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HTTP Error Codes

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There are many different error codes that can be presented from a server when things go wrong. These can be used to help troubleshoot the main cause of the issue and fix the issue as soon as possible. The first digit of the status code a website gives allows us a broad understanding or group of what the issue may be.

  • 1## – These codes are usually informational and not used to identify errors
  • 2## – These codes represent a success, normally in regards to connecting to the server
  • 3## – These codes imply a permanent or temporary redirection of the page you are visiting
  • 4## – This is a client error code, and normally means the error is caused by the user connecting to the server
  • 5## – This is a server error code, letting the user know that the issue is caused on the server’s side

 

500 Internal Service Error

 

A 500 error often will say something similar to this:

Internal Server Error

The server encountered an internal error or misconfiguration and was unable to complete your request. Please contact the server administrator, webmaster@example.com and inform them of the time the error occurred, and anything you might have done that may have caused the error. More information about this error may be available in the server error log.

What causes a 500 internal server error?

When a site prompts a 500 Internal Server Error to show, it means it knows there’s a problem and wasn’t able to deliver on whatever was requested for an unknown reason. Many times, this error comes from a problem in the configuration of a script, but you aren’t provided any details about the exact problem.


Common causes:

  • Problems with the .htaccess file
  • Problems with the php.ini file
  • Permissions not set properly
  • Problems with script requests
  • Ownership not set properly

It can be tricky to find the exact cause, but you should first look in cPanel’s error logs. If that doesn’t help you identify the problem, please contact us so we can help you get it fixed.

 

502 Bad Gateway

 

A 502 error normally does not give a good description when it occurs.

What causes a 502 Bad Gateway error?

When a site prompts a 502 Bad Gateway Error to show, it means that the server is a gateway or a proxy that forwards the request to another backend server, and that it is not receiving a valid response to fulfill the request.


Common causes:

  • Backend servers are not healthy (Where the HTTP Requests are being forwarded to)
  • The reverse proxy is configured improperly, or with the invalid backends specified*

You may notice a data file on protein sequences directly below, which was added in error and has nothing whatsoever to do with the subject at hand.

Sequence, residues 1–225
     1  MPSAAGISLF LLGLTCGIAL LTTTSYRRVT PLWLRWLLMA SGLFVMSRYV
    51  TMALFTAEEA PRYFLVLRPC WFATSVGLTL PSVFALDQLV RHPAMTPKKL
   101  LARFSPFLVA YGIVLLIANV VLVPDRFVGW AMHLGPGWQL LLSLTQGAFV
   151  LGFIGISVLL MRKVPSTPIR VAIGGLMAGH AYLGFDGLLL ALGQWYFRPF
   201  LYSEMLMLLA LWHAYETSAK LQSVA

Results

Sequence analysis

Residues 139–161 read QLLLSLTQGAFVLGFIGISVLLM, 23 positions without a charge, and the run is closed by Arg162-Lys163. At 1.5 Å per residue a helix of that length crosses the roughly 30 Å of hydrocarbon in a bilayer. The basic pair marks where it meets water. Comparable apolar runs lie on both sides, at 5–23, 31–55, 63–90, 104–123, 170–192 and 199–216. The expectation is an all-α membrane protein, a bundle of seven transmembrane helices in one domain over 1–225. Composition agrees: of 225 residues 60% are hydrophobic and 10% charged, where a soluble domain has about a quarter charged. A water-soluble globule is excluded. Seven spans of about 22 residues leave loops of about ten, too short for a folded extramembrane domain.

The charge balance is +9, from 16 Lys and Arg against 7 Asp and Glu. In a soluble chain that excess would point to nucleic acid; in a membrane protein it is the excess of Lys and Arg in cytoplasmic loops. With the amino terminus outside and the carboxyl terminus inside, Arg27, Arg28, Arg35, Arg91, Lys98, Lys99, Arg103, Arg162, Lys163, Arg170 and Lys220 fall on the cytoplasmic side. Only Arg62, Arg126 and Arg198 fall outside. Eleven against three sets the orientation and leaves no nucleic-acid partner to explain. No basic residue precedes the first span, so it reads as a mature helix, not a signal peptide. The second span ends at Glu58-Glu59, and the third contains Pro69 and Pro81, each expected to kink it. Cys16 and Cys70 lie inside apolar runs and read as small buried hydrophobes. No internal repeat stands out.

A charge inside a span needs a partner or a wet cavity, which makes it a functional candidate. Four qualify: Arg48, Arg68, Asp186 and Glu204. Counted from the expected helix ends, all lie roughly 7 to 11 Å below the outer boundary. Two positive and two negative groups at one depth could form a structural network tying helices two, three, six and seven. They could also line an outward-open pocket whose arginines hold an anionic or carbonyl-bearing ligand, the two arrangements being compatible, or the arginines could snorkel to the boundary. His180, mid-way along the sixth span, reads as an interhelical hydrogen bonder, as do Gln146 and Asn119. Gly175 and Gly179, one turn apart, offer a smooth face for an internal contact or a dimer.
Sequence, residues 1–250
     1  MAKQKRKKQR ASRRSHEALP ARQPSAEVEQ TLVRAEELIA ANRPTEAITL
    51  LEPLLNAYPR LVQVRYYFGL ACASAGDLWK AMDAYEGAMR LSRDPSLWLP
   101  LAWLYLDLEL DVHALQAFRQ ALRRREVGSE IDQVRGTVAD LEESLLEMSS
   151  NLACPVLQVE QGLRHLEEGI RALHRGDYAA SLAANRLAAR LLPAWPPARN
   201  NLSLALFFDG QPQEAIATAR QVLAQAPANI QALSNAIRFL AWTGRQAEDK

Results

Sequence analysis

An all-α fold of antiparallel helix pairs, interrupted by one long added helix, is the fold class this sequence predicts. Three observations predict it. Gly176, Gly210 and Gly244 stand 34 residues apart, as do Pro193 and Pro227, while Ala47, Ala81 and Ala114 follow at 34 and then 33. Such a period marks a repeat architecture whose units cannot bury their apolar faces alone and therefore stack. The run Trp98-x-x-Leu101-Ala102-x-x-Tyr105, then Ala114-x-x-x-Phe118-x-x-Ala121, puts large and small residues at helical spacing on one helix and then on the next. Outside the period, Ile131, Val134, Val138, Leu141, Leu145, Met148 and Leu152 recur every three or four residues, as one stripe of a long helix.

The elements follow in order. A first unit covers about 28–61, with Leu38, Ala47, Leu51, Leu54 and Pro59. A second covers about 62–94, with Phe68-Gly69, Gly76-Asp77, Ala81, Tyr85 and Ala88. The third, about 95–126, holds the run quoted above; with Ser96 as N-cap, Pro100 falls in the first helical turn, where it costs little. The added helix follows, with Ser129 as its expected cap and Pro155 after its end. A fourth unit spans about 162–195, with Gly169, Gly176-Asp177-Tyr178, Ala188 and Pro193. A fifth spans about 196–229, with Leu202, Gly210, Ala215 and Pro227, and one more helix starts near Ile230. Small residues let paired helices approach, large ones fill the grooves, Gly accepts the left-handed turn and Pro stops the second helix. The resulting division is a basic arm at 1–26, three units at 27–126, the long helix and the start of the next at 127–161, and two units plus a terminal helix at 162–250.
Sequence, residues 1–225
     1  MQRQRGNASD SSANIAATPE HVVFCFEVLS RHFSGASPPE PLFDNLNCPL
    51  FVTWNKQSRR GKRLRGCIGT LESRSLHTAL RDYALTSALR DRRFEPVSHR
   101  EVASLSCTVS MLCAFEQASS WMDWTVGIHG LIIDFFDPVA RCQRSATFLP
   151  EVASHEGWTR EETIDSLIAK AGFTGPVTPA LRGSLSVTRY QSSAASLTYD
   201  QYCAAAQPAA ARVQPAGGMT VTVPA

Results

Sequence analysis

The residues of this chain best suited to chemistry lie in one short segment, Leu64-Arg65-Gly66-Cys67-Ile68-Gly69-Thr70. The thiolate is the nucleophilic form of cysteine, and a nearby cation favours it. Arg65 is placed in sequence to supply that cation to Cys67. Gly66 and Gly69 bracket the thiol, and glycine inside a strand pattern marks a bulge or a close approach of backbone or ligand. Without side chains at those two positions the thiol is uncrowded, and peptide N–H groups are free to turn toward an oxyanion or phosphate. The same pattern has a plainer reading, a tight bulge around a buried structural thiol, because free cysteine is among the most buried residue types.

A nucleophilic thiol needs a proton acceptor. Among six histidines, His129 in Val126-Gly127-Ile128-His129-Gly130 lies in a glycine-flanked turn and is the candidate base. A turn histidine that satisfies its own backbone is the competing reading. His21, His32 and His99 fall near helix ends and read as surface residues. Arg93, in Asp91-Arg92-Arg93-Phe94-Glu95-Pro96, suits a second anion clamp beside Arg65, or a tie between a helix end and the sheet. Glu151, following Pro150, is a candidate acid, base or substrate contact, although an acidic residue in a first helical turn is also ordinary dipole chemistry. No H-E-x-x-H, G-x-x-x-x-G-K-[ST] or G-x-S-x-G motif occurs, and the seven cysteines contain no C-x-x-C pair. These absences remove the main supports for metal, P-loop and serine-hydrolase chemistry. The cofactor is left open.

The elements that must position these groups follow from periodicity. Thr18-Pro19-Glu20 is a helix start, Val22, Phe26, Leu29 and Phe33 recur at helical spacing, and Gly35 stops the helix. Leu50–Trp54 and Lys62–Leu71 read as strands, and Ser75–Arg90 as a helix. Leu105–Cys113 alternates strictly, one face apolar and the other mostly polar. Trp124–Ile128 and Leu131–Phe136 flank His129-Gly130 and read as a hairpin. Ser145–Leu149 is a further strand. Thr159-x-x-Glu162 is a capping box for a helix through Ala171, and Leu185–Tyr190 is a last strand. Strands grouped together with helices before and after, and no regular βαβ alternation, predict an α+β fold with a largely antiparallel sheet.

• The connection between the backend servers and reverse proxy server Is unhealthy and needs to be checked on or the firewall is not allowing traffic from one or the other
  • The web application listening on a socket that is in the incorrect location or has improper permissions.


It can be tricky to find the exact cause, but you should first look in cPanel’s error logs. If that doesn’t help you identify the problem, please contact us so we can help you get it fixed.

 

400 bad request error

 

A 400 Bad Request Error is another common HTTP status code. You’ll see this when the site receives a corrupt or problematic request to do something, such as run a script or simply display the content of a page.

If you’re seeing a 400 bad request error, first make sure you’re trying to access the correct URL. If so, try to clear your cookies and your cache. If that doesn’t work, clear your DNS cache. If all else fails, contact us and let us help you get it fixed.

 

401 Unauthorized error

 

The 401 Unauthorized Error is another HTTP status code, except this one means that the user trying to access the specific resource from the server either has not been authenticated, or they have not been authenticated correctly. This is not caused by having different permissions on the file, this is more caused when a user does not enter in the correct username and password, which will exist in the .htpasswd file on the server in that same directory.

The .htpasswd file cannot be seen from the browser, as most configurations hide these types of files by default.

To resolve this error, make sure that you enter the correct username and password as you may have set up in the .htpasswd file.

 

403 Forbidden error

 

The 403 Forbidden Error occurs when the user is requesting a resource from the server, where the user or server do not have access to read or execute the file. It is commonly recommended for files to have their permissions set to 755 for directories and 644 for files. This essentially means that the user of the directory can read, write and execute, the assigned group of the files can read and execute, but not write to, and that everyone else that is not included can read and execute the files but not write.

File permissions on a Linux server can be changed within cPanel, here, or you can modify the file permissions from the command line, in which case you can use this article here.

 

404 Not Found error

 

The 404 Not Found error can be caused by multiple things. The reason this error code will show up is because the resource or file that a user is looking for is not there. This can be caused either by the coding of the site, someone else’s site, or due to user fault, by typing in the wrong url.

To fix this if it is a coding issue on your site, go through your code, usually using the built in find feature in most text editors, and find the link that is leading your users to an invalid page and correct. For the most part, these are typically just Typos.

 

If you should have any questions or would like assistance, do feel free to contact us through Live Chat, on our Phones, or by submitting a ticket with our Technical Support team.


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